Discoveries with the adenovirus type-12 system: Integration of vi | 6058
Virology & Mycology

Virology & Mycology
Open Access

ISSN: 2161-0517

+44 1223 790975

Discoveries with the adenovirus type-12 system: Integration of viral DNA and epigenetic consequences

6th Euro Virology Congress and Expo

March 10-12, 2016 Madrid, Spain

Walter Doerfler

University of Erlangen-Nuernberg & Cologne University, Germany

Keynote: Virol-mycol

Abstract :

The human adenovirus type-12 (Ad12) system has been used to investigate basic mechanisms in molecular biology and viral oncology. Ad12 replicates in human cells, but undergoes a completely abortive cycle in Syrian hamster cells. Ad12 induces neuro ectodermal tumors in newborn hamsters (Mesocricetus auratus). Each tumor cell or Ad12-transformed hamster cell carries multiple copies of integrated Ad12 DNA. Ad12 DNA usually integrates at one chromosomal site which is not specific; Ad12 DNA can integrate at many different locations. Virion or free intracellular Ad12 DNA remains unmethylated at CpG sites, whereas the integrated viral genomes become de novo methylated. Inverse correlations between Ad12 promoter methylation and activity were described for the first time in this system and initiated active research in the field of DNA methylation and epigenetics. Promoter methylation is an important factor in long-term gene silencing. We have also discovered that the insertion of foreign (Ad12, bacteriophage lambda, plasmid) DNA into mammalian genomes can lead to genome-wide alterations in methylation and transcription patterns in the recipient genomes. This concept has been verified recently in a pilot study with human cells which had been rendered transgenomic for a 5.6 kbp bacterial plasmid. Currently, we study epigenetic effects in Ad12 infected cells and in Ad12 induced hamster tumor cells. These genome-wide epigenetic alterations are considered crucial elements in (viral) oncogenesis.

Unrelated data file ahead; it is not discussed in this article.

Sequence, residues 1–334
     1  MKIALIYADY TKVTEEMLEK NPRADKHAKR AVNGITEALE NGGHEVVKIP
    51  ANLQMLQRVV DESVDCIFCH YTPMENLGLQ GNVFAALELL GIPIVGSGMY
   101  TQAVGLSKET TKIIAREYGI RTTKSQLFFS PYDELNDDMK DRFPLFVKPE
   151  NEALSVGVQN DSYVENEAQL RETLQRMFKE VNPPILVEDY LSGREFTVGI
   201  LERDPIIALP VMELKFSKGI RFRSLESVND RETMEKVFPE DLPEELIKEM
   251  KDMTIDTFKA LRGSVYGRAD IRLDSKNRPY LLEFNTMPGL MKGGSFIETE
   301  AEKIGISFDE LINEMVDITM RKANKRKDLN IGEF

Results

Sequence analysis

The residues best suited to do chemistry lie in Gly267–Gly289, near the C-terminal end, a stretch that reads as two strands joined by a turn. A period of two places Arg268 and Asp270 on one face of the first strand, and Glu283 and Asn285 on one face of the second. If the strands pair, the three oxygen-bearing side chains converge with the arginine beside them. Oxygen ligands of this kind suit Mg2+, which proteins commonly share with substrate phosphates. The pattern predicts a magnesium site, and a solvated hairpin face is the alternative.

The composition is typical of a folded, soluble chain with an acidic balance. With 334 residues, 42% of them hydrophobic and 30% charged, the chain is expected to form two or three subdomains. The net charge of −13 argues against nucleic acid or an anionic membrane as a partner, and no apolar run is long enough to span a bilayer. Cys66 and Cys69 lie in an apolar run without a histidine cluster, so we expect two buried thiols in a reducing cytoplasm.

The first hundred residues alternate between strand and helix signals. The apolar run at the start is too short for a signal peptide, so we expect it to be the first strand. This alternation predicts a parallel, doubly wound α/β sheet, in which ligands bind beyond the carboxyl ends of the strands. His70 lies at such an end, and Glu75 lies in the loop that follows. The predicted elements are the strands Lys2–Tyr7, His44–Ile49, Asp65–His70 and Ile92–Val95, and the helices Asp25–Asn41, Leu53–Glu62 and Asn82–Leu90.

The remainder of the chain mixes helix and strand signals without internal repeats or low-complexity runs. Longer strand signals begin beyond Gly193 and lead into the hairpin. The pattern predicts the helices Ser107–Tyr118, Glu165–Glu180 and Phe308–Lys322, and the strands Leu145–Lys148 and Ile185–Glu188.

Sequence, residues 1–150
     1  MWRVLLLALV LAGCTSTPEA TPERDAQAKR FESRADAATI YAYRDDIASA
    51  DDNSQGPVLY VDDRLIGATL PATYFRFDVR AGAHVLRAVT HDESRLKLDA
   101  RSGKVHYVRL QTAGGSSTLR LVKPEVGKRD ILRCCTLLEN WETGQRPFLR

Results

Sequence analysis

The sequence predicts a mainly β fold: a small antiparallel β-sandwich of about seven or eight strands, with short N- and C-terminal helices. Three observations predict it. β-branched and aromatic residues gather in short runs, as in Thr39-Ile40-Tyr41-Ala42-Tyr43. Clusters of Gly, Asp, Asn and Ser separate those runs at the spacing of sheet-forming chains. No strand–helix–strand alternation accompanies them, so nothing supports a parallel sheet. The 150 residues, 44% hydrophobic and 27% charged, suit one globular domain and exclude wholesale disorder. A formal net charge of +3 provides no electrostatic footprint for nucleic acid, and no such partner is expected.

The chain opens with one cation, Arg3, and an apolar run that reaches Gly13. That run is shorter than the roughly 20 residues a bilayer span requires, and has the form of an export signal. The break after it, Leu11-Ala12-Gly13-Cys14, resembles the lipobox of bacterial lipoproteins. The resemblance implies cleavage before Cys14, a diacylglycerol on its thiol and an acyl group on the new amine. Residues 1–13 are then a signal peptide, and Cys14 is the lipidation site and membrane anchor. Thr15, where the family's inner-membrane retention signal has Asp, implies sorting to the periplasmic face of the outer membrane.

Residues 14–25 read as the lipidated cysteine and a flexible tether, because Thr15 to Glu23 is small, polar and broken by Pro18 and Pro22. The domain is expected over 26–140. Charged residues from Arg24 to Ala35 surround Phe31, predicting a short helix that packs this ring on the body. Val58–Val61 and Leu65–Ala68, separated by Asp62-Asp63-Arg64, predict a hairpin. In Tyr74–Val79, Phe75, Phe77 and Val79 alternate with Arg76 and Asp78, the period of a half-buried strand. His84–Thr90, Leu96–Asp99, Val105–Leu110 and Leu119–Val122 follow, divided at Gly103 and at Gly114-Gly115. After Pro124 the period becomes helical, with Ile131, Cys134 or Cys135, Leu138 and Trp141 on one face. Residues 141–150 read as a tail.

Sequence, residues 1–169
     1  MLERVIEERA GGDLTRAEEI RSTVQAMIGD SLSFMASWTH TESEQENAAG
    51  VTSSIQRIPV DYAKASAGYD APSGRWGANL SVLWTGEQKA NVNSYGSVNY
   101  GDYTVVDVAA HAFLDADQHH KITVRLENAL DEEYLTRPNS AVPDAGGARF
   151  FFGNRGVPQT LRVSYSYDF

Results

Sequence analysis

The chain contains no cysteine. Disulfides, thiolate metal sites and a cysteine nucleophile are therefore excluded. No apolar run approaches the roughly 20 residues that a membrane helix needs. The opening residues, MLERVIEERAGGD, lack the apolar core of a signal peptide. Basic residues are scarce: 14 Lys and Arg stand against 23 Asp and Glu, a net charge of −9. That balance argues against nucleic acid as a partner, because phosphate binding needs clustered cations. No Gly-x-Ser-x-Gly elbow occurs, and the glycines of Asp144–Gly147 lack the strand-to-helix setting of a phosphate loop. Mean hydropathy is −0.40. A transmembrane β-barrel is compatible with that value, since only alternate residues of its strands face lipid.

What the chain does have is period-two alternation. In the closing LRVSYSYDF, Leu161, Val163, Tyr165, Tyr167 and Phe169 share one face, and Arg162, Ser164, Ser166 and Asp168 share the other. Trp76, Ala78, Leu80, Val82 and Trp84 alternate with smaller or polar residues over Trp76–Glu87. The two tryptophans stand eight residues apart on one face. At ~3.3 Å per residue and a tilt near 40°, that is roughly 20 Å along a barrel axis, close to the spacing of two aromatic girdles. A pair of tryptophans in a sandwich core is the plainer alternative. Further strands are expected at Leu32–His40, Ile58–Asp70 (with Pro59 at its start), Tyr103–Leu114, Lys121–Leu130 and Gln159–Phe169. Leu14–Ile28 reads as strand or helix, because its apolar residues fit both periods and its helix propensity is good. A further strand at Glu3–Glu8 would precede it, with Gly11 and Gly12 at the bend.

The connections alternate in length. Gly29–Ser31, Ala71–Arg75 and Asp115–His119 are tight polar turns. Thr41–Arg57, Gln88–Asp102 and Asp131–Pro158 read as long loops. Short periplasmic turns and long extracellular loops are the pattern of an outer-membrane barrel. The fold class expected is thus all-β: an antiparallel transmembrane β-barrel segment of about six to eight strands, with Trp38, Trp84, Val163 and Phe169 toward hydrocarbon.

Biography :

Walter Doerfler has completed Munich Medical School (LMU), Doctor of Medicine thesis in Anatomy and Internships in Munich and Trenton, NJ, USA. He did his Postdoctoral studies in Molecular Genetics at the Max-Planck-Institute for Biochemistry in Munich and in the Department of Biochemistry, Stanford University Medical School.